Many people have been significantly affected by the impact of lockdown. Even though shops and businesses have reopened again, it’s still not an easy thing to try and get back to normal, but Brits are doing their best to take care of their health.
Six in ten Brits pledged to take better care of their health after lockdown. A nationwide survey reveals how Covid-19 has given people a heightened sense of awareness around their health and lifestyle choices. Two thirds of people agree that as lockdown is lifted, they will take better care of their health and wellbeing, with 30 per cent of people saying they have done more exercise since the start of lockdown.
Other findings that suggest people are more conscious about their health include 70 per cent of people are now taking vitamin supplements and 44 per cent have taken up a new hobby they intend to carry on as lockdown ends. Some 39 per cent of people are preparing more meals from scratch, with 18-24-year olds most likely to have increased the amount of cooking they do over lockdown. Dr Oliver Robinson, Psychologist and Mental Health Specialist says: ‘Learning new skills may be part of the silver lining of the crisis. It is worth considering that crisis can mean both danger and opportunity, and there is real opportunity for positive change at the moment, if you embrace it.’
The research, which was commissioned by leading wellness brand YourZooki, also reveals a staggering 70 per cent of the UK is feeling anxious at the thought of returning to busy places. Females are feeling more worried than men and the over 55s are most concerned about going out as measures are relaxed.
The Impact of Lockdown research, commissioned by health and wellbeing brand YourZooki and conducted by OnePoll, also found that 70 per cent of UK adults feel anxious at the thought of being in busy places, nearly half of the UK are going to visit pubs and restaurants less often than before lockdown, 46 per cent of people now working from home have had their mental health affected and over 50 per cent of people are spending more time on their digital devices.
Together in a crisis
Dr Oliver Robinson says: ‘During the months of the Covid-19 pandemic, we have found ourselves all in a crisis together, and correspondingly the level of anxiety has spiked in the general population. Anxiety during a crisis is, in large part, a result of uncertainty and unpredictability, which creates a fear of the future and a fear of the unknown. The level of uncertainty during the pandemic has been unprecedented.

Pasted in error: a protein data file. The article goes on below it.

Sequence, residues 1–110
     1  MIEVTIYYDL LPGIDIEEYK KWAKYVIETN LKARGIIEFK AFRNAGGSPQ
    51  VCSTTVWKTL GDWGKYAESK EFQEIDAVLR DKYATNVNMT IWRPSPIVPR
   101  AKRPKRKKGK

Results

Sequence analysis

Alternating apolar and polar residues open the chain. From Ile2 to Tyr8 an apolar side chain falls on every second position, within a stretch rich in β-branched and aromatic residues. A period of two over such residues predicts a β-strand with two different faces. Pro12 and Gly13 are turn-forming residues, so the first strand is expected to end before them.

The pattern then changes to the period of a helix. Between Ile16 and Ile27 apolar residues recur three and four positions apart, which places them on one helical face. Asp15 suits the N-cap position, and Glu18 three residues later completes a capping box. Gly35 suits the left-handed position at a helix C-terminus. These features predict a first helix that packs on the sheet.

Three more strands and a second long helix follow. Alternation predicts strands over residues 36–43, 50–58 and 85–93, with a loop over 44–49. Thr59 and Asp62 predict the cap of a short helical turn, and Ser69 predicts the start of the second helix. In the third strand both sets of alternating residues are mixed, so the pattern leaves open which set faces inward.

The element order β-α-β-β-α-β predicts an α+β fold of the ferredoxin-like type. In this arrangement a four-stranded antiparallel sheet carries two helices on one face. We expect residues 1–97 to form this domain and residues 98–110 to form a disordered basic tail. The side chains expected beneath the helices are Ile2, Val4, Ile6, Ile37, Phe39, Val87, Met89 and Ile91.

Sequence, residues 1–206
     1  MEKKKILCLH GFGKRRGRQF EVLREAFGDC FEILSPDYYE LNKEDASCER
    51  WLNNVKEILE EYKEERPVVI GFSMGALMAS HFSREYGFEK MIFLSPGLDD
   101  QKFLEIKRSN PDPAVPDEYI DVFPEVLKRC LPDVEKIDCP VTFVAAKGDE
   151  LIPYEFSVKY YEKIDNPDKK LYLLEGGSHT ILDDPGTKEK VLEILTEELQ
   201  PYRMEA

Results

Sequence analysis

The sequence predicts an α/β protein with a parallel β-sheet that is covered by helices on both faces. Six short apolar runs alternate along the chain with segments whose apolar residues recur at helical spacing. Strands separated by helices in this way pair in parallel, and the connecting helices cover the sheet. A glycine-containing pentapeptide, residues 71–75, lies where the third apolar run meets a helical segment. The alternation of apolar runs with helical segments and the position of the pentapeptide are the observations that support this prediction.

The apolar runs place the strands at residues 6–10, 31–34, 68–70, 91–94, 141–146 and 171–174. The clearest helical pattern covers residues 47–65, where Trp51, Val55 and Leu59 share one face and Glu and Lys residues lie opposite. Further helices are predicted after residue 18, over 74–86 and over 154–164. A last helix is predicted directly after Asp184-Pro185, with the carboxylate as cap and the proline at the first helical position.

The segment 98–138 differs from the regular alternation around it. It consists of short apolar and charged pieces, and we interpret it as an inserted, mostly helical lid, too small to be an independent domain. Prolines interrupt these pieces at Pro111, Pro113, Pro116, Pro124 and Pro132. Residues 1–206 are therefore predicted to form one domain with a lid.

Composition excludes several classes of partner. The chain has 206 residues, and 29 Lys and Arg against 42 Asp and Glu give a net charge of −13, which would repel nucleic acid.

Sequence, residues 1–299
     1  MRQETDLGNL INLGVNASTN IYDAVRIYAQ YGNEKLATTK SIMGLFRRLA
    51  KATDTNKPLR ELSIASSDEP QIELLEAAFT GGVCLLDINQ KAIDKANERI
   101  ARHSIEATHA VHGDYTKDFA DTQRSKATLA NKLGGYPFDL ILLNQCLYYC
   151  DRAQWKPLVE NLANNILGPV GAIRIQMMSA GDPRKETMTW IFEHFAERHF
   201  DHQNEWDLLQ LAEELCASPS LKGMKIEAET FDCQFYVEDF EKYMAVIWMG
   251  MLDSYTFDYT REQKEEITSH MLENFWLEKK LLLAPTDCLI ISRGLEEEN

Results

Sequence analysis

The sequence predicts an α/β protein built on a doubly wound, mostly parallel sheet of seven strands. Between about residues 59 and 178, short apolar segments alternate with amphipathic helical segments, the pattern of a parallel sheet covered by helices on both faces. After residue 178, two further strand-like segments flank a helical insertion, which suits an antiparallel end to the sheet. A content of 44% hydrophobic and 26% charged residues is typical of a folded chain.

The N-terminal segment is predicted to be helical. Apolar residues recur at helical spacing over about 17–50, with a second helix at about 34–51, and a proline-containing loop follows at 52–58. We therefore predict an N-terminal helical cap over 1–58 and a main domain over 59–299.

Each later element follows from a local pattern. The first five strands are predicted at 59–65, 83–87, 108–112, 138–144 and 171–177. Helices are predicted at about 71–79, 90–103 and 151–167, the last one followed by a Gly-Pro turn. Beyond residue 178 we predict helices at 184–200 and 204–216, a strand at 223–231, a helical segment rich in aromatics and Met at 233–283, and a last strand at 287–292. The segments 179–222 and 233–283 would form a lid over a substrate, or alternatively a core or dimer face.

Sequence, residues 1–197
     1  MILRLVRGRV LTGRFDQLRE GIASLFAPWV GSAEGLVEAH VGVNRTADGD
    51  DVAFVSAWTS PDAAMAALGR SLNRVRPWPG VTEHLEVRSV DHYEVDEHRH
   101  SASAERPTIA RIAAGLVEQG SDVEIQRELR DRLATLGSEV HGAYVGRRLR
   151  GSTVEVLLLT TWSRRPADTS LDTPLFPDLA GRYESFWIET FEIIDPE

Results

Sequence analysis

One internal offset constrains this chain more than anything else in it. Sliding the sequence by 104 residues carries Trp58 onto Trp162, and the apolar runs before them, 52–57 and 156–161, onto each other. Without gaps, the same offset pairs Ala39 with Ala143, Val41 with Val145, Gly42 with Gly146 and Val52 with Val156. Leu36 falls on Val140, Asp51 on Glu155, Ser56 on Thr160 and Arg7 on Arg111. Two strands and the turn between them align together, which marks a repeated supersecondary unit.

Dr Robinson’s Tips for overcoming anxiety…
Set small goals first when going to public places again: You may find that you now feel anxious in places that previously caused you no anxiety at all. A good strategy to handle this is gradually increasing the size and scope of journeys away from home; starting off local and small-scale and gradually build from there.
Be assertive: If someone is behaving in a way that goes against guidance and could help the virus to spread again, stand up for what you think is right and tell them. Being assertive has been shown to lessen feelings of anxiety, so it is great for your mental health too.
Use schedules and daily rituals to keep your mind at ease: A key challenge with home working is to create your own routines and rituals that structure each day in an enriching way. Sticking to a routine can be challenging. A good way of ensuring that you do so is by writing it out clearly and formally on a piece of paper, signing it at the bottom (as a way of committing yourself to it), and then putting it in a visible location where you often look.
Limit how much you check the news and social media feeds: Our brains are evolutionarily wired to pay attention to threatening information. News channels and social media platforms use this fact to their advantage – they know people are far more likely to tune in or click the link if the headline is a threatening or shocking one rather than a positive one. This is good for their traffic but bad for our mental health. During the coronavirus pandemic, consumption of news coverage has reached ‘unprecedented levels’. This is understandable as people want to keep informed, but the downside of too much news is elevated anxiety.
For more information on health and wellbeing, visit YourZooki Health.